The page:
Why I’m Boycotting Caffè Nero

I hope you’re as disgusted as I am by the Caffè Nero chain’s craven capitulation to the animal rights activists who have successfully demanded it no longer serve milk which comes from dairy farms in areas affected by the badger cull.

We hear a lot – too much – about Corporate and Social Responsibility these days. Well if the Caffè Nero chain are serious about their duties in this regard, surely one of the things they should NOT be doing is sending a signal to society that animal rights terrorism wins.

That’s why I’m supporting the #nomorenero boycott being organised on Twitter.

All right, so it’s probably not going to be a great hardship – you get a much better flat white at Costa.

But there are, nonetheless, I believe, important principles at stake here.

The ban was apparently instituted after two activists calling themselves Steve and Rose emailed Caffè Nero’s chairman Gerry Ford asking where the firm sourced its milk.

On Friday the company replied with this message: ‘Caffè Nero has instructed its partners supplying to stores which are situated around the cull zone areas to supply milk from farms outside of the zone.

‘We appreciate that this is an issue of concern for some members of the public.’

I think what really sticks in my craw here is that last phrase. It’s a formula you often see trotted out by corporations striving to cover their arses on sensitive issues, presumably because they think its fence-sitting blandness lets them off the hook. But it doesn’t – or at least it shouldn’t – because what it does is suggest that there is a kind of moral parity here between the very tiny minority who believe that the badger cull is so important as to merit threats, blackmail and the destruction of farmers’ livelihoods and the vast majority who think nothing of the kind.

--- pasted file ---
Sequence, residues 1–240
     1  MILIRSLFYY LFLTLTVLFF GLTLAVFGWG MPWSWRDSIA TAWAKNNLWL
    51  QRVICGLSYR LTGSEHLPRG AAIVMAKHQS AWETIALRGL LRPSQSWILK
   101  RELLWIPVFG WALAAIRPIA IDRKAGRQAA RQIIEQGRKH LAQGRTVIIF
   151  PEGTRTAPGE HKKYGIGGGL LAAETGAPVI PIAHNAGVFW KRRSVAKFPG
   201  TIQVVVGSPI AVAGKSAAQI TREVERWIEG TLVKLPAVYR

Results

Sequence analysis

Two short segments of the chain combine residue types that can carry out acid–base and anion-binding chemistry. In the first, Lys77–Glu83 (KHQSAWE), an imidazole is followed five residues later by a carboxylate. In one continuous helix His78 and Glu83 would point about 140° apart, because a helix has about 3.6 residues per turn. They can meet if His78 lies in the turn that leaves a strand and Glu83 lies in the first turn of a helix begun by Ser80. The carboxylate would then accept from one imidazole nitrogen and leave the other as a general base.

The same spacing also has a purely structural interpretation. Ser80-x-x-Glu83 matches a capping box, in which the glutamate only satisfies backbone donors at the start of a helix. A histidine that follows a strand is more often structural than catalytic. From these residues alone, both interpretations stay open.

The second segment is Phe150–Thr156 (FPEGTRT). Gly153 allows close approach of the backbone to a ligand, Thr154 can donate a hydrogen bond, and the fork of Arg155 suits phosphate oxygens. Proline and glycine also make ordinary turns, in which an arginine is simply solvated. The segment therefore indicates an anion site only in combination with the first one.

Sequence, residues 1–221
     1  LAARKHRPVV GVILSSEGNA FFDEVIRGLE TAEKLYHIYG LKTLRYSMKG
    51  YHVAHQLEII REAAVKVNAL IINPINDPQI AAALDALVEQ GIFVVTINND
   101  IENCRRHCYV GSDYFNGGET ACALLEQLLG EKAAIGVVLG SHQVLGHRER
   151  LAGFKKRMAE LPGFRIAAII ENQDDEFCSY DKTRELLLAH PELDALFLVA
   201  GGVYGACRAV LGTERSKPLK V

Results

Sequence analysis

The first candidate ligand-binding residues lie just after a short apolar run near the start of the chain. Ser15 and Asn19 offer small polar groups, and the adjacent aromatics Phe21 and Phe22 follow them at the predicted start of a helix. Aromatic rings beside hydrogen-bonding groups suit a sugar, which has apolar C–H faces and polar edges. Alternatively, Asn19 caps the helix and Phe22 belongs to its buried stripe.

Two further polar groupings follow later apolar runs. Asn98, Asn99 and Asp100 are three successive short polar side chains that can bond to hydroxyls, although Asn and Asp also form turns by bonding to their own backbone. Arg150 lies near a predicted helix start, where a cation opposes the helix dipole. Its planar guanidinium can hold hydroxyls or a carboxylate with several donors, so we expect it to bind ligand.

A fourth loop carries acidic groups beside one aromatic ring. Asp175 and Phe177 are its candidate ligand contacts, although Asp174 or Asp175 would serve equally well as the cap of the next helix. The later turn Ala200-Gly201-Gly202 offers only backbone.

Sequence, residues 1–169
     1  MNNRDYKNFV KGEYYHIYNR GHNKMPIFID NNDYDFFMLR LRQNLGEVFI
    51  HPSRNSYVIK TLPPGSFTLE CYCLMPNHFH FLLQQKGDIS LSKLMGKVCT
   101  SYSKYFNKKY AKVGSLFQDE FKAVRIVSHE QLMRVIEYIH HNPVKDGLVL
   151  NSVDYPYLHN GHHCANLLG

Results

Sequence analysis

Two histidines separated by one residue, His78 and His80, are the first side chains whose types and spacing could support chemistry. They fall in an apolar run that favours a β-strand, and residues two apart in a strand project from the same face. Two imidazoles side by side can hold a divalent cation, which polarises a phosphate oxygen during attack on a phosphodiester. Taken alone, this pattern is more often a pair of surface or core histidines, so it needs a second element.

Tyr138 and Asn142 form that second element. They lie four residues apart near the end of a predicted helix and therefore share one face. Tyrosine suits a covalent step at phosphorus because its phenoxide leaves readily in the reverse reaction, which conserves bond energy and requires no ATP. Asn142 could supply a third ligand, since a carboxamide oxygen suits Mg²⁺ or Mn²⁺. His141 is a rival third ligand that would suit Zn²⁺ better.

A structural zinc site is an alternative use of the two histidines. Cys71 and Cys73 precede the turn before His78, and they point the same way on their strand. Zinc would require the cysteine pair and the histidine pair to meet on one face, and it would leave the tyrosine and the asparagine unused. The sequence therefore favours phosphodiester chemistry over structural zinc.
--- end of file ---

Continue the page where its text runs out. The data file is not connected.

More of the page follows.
Why should that tiny minority – and the same applies to, say, Islamist sales assistants who believe it ought to be up to them whether or not they serve customers alcohol in supermarkets – be indulged in prejudices which conflict with the freedoms of the majority?

And isn’t it worrying the way that corporations and governments alike appear increasingly to be in thrall to the whims of noisy few (whether via Greenpeace campaigns or Change.org or on Twitter) at the expense of the many?

Time we sent out a message to those corporate cowards who would sell our interests down the river just to buy themselves an easy life. Remember #nomorenero.

 


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